The Phantom Unmasks the Fantasia Film Festival Strengths

I had no intention of seeing Phantom last night. I was on my way to another film at Montreal’s beloved Fantasia Film Festival when I noticed a large crowd snaking out of the doors of the festival’s headquarters and around a corner. Some people had clearly been waiting a while — they had smart collapsible chairs. Many wore John Carpenter shirts, so I knew I could trust their taste.

What’s playing? I asked someone. He took a moment to translate me in his head — it turns out he spoke French, like so many people in Montreal — and answered back, with a lovely, smoky accent: Phan-tome.

I had never heard of Phantom. I searched the festival guide and learned that it is a story set during the Japanese colonization of Korea in 1993, about five prime Korean suspects who are locked inside a remote, cliffside hotel after a failed assassination attempt on a Japanese Governor General. They are grilled by an interrogator trying to unmask whoever among them is the freedom-fighter spy known as The Phantom.

I decided to trust the wisdom of the crowd. And the crowd was right.

Fantasia and Phantom

Fantasia is one of the premier genre festivals in the world, and perhaps the best of all. It consistently turns up on MovieMaker‘s annual list of 50 Film Festivals Worth the Entry Fee, which we use to advice filmmakers of which festivals are worth submitting to.

One of Fantasia’s greatest strengths is its location — Montreal is sublime, and Concordia University provides many top-notch facilities and beautiful screening venues, including in the coliseum-like Auditorium des diplômés de la SGWU, where Phantom played

Another massive strength is its programming team. These were the first folks to discover Skinamarink, a $10,000-budgeted experimental film that went on to earn $2 million and become the year’s first horror phenomenon. Every year, they turn me on to a daring movie I love. This year those movies include John Rosman’s gorgeously constructed New Life, which will debut next week; as well as Lovely, Dark, and Deep, a magnificent park ranger mystery-horror film by Teresa Sutherland led by Barbarian star Georgina Campbell. I was also very impressed by Where the Devil Roams, a film by the Adams family that finds terror against a ghastly Great Depression backdrop.

But Phantom may be the most Fantasia film of all, because it so perfectly highlights Fantasia’s greatest strength: irrepressible, passionate, very sharp audiences. How many festivals can draw a packed house on a weeknight to what could be described as a South Korean period drama? The list is not long.

Fantasia is known for its excellent curation of Asian genre cinema, and the audience clearly trusted the programmers’ judgment. Phantom has a pedigree fans of South Korean film will surely recognize, even if the average viewer won’t: Directed by Lee Hae-young, best known for Believer, it stars Sul Kyung-gu (Idol), Lee Hanee (Extreme Job), Park So-dam (Parasite), Park Hae-soo (Squid Game) and Seo Hyun-woo (Decision to Leave).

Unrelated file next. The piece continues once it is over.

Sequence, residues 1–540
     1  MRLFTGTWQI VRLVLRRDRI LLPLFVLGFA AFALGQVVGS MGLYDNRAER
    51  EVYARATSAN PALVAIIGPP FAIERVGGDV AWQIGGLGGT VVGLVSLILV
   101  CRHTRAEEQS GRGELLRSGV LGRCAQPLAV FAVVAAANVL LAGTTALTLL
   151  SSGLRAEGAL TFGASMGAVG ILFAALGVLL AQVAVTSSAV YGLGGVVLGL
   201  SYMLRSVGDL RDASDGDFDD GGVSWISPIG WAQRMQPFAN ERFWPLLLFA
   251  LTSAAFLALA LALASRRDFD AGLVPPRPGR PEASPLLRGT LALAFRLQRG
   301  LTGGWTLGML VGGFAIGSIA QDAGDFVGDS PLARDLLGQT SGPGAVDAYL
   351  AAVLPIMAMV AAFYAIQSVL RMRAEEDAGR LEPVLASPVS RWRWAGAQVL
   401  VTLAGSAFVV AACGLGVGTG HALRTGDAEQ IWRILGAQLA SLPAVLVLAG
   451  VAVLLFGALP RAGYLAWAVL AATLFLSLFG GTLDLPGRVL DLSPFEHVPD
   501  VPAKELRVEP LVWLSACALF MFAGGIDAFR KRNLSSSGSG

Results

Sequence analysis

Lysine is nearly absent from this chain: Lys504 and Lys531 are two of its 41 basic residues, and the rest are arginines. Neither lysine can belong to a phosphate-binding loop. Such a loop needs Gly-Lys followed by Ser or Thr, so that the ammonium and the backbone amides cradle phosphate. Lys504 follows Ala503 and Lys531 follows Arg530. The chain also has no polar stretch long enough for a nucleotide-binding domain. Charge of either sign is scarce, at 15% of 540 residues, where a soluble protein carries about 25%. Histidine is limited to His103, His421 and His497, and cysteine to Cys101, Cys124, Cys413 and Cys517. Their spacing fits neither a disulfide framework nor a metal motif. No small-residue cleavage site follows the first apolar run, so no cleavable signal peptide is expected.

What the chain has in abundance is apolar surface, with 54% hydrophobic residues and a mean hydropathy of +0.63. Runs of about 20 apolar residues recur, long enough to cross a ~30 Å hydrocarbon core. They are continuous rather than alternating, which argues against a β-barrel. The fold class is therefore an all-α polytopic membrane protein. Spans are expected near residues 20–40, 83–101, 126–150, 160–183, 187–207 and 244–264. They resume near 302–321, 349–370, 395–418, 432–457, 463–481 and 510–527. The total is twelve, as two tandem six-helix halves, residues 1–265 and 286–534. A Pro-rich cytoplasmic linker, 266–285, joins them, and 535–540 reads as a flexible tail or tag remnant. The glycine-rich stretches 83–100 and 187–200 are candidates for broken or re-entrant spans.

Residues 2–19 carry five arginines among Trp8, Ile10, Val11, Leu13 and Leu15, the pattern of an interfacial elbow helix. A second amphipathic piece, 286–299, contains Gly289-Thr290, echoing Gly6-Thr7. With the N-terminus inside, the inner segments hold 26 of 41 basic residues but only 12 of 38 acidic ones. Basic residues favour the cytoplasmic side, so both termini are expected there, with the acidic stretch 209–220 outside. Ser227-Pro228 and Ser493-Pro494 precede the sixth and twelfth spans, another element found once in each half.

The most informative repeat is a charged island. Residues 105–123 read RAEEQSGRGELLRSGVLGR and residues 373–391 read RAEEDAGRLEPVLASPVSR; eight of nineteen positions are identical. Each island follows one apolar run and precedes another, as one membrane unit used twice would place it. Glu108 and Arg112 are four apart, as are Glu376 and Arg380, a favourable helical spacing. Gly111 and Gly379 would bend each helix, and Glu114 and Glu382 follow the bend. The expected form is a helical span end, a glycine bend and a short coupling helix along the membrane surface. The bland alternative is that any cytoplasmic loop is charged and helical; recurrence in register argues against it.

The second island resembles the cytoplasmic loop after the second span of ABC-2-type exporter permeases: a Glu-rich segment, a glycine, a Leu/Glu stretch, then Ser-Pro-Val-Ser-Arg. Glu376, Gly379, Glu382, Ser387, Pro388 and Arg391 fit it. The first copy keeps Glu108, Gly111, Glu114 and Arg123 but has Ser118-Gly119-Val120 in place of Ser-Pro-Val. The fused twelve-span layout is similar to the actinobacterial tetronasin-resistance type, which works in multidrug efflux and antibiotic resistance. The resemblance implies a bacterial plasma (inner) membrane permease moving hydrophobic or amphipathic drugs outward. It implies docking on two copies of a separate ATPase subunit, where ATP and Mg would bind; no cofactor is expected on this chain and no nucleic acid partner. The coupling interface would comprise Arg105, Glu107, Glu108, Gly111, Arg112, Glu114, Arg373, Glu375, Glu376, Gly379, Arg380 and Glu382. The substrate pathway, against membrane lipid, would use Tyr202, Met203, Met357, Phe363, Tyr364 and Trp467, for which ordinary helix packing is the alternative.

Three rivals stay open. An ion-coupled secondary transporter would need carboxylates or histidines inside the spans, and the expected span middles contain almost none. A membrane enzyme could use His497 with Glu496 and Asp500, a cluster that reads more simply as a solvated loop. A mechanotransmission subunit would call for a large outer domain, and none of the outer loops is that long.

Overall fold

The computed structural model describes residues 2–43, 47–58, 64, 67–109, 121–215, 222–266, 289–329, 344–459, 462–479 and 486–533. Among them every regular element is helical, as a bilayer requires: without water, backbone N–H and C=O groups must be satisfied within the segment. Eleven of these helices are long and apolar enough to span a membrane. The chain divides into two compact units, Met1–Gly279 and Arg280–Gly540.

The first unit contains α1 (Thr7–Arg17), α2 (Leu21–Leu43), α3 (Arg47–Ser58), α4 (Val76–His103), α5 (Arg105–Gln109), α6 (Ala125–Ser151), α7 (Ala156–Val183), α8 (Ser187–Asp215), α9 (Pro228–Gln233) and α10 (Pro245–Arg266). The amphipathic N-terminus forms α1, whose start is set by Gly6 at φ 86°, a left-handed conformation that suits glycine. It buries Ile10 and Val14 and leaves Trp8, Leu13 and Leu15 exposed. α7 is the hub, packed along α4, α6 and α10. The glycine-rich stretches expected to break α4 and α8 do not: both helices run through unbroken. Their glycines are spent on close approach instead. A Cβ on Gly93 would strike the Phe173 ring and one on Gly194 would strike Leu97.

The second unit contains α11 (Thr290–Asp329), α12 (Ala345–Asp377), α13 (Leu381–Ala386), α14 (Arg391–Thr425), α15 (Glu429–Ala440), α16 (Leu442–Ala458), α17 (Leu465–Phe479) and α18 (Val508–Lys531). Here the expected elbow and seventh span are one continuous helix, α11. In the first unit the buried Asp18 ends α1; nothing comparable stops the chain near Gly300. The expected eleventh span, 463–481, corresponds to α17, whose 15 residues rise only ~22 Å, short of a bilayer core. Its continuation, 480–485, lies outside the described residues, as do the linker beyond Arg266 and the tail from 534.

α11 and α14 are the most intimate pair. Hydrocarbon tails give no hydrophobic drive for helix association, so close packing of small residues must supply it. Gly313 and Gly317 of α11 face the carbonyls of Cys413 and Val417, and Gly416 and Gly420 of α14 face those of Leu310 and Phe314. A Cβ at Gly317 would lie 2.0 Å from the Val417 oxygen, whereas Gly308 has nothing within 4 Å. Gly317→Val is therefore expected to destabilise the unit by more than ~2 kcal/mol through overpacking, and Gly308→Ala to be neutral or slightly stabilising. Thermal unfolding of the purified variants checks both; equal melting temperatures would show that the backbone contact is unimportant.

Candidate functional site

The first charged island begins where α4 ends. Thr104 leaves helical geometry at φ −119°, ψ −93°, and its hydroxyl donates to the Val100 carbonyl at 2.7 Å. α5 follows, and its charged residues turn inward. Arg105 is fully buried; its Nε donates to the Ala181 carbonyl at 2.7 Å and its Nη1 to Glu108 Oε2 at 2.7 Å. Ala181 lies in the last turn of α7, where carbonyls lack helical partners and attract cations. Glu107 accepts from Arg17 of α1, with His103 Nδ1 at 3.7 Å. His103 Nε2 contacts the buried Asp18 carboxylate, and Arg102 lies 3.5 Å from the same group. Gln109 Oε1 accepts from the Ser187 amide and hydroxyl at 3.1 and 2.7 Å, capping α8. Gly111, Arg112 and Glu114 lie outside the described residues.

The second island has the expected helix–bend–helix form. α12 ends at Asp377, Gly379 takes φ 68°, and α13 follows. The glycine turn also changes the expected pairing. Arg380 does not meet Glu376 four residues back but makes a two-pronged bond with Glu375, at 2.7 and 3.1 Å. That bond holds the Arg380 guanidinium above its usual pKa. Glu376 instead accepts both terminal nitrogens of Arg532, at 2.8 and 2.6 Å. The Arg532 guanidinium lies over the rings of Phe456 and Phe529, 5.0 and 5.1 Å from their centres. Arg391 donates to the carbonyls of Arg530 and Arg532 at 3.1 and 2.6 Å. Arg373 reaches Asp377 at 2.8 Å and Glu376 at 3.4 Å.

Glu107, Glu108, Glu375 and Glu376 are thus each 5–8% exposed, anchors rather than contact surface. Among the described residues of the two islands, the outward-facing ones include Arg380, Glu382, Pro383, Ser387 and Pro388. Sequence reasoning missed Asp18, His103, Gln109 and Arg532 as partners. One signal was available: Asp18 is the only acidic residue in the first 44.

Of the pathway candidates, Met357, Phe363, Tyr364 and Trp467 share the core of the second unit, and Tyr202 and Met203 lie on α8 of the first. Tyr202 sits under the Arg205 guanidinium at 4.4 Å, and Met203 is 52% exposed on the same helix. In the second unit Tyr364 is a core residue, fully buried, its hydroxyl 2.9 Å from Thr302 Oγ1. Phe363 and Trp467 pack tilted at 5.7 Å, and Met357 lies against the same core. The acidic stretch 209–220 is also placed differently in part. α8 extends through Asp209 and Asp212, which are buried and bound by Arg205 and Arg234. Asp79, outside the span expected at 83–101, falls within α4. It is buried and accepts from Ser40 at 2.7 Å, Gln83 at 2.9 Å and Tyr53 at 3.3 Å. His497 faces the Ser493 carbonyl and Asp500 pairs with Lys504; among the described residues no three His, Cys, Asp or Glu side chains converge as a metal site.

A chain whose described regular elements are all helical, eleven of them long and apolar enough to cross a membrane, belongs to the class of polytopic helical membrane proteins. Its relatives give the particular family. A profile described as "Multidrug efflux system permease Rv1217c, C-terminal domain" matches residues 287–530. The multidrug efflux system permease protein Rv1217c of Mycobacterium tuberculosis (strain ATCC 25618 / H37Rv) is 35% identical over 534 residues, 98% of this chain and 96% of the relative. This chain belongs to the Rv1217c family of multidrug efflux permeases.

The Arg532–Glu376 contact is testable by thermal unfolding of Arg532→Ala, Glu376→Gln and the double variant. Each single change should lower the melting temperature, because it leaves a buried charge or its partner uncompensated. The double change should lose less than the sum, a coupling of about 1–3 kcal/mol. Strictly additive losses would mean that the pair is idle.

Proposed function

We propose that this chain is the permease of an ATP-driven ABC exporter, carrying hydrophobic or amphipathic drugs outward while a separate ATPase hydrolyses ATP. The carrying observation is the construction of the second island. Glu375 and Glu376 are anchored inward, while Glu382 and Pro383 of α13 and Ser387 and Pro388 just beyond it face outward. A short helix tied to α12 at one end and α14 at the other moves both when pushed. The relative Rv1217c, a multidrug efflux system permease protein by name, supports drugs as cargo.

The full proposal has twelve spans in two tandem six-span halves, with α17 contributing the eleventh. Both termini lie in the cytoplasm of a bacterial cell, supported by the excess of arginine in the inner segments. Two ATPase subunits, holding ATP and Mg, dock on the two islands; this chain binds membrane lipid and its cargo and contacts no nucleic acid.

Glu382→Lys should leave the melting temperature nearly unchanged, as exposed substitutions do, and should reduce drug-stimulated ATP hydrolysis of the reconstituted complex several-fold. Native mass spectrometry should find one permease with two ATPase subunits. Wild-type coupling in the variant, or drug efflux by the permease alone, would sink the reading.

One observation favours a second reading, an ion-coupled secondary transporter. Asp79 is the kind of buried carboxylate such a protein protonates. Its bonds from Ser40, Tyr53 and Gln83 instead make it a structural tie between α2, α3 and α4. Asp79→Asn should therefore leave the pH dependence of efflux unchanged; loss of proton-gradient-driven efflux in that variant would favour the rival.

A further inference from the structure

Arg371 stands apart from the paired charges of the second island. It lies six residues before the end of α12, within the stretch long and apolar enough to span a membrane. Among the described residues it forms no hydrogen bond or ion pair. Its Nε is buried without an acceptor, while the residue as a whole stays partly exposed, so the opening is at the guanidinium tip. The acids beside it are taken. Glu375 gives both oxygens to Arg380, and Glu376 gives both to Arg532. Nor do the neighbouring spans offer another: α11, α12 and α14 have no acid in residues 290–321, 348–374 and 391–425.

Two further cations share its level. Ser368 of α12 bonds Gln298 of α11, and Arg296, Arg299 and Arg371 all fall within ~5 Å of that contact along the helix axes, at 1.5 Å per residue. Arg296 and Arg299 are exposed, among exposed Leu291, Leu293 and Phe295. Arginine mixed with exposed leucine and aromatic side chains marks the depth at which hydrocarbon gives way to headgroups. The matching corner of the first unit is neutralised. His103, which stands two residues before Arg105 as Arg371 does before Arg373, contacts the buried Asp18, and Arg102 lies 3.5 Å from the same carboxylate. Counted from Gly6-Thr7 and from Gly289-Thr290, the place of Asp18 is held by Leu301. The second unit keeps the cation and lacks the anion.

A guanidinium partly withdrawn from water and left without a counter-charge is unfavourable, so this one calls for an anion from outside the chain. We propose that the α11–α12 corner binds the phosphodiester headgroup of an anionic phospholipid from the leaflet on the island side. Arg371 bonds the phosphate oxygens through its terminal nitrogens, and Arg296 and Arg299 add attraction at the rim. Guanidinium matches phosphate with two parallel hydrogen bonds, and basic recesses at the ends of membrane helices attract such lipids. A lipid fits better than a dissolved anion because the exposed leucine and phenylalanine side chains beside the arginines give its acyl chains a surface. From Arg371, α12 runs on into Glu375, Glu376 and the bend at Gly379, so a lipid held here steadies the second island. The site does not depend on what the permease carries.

Arguably the best known of those performers, to the typical Western film fan, is Park So-dam, who played the clever younger sister in Parasite, the 2020 winner of the Oscar for Best Picture. And Park Hae-soo earned an Emmy nomination for Squid Game, a Netflix smash in South Korea and the U.S.

But to be honest, I didn’t remember either of them at first. And that was fine. Because the Fantasia audience pulled me in and got me instantly invested in the screening experience with infectious, relentless joy. They even clapped along with the music in the ads before the movie.

Maybe some of that was ironic, but I’m convinced the delight for the gloriously over-the-top Nongshim noodle ad was totally sincere. I felt it. Who wouldn’t love this ad? Watch:

Nongshim also handed out free packets of noodles, which we held up in salute at one point. That was real, too.

But that isn’t the best part of the Fantasia pre-viewing experience. The best part is the meowing that comes before every film, followed by shushing, followed by even more passionate meowing. Why the meowing? There are Reddit threads, but I prefer not to understand, and to simply meow. Such is Fantasia.

But back to Phantom: It’s wonderful. A gorgeously shot, film-history obsessed, noir-homage modern masterpiece that turns into something else for its final act. The fight scenes are outstanding. It’s full of lush rain and sumptuous rooms and perfectly placed callbacks and a cat that the Fantasia programmers clearly knew would play well, as well as glamorous smoking (which the movie almost apologizes for, then doesn’t). So, so, so many people get shot in the face. Gunshots have never sounded so real, and there’s a bit with nooses that is pure cinema.

Anyone who likes Inglorious Basterds — which had its North American premiere at Fantasia — will love it. There were multiple times when I thought, “This should end now” and each time I was wrong — director Lee Hae-young had another great idea. My Googling tells me it’s been a decent-sized hit in South Korea, and I bet it would be huge in this hemisphere. Just watch this:

This is the kind of experience I go to film festivals for. I found something I love and never would have found by sticking to my carefully plotted online schedule. Trusting Fantasia and its audience they led me to the cat’s meow.

As soon as we know where you can see Phantom in theaters, we’ll let you know.

Main image: The main cast of The Phantom.